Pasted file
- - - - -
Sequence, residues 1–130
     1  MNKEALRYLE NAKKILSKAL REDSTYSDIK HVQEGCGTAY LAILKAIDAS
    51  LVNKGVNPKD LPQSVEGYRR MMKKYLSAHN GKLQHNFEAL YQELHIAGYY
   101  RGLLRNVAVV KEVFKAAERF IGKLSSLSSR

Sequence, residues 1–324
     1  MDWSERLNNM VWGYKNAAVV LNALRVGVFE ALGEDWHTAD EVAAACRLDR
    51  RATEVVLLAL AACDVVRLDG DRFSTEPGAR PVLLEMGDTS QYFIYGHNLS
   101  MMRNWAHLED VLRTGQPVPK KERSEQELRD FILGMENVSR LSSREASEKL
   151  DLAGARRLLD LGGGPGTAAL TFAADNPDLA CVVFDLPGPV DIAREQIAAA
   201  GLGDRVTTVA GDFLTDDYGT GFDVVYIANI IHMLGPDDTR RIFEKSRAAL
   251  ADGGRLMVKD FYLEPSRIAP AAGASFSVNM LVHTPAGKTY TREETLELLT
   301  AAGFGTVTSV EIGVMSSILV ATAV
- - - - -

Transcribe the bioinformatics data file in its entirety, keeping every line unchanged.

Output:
Sequence, residues 1–130
     1  MNKEALRYLE NAKKILSKAL REDSTYSDIK HVQEGCGTAY LAILKAIDAS
    51  LVNKGVNPKD LPQSVEGYRR MMKKYLSAHN GKLQHNFEAL YQELHIAGYY
   101  RGLLRNVAVV KEVFKAAERF IGKLSSLSSR

Sequence, residues 1–324
     1  MDWSERLNNM VWGYKNAAVV LNALRVGVFE ALGEDWHTAD EVAAACRLDR
    51  RATEVVLLAL AACDVVRLDG DRFSTEPGAR PVLLEMGDTS QYFIYGHNLS
   101  MMRNWAHLED VLRTGQPVPK KERSEQELRD FILGMENVSR LSSREASEKL
   151  DLAGARRLLD LGGGPGTAAL TFAADNPDLA CVVFDLPGPV DIAREQIAAA
   201  GLGDRVTTVA GDFLTDDYGT GFDVVYIANI IHMLGPDDTR RIFEKSRAAL
   251  ADGGRLMVKD FYLEPSRIAP AAGASFSVNM LVHTPAGKTY TREETLELLT
   301  AAGFGTVTSV EIGVMSSILV ATAV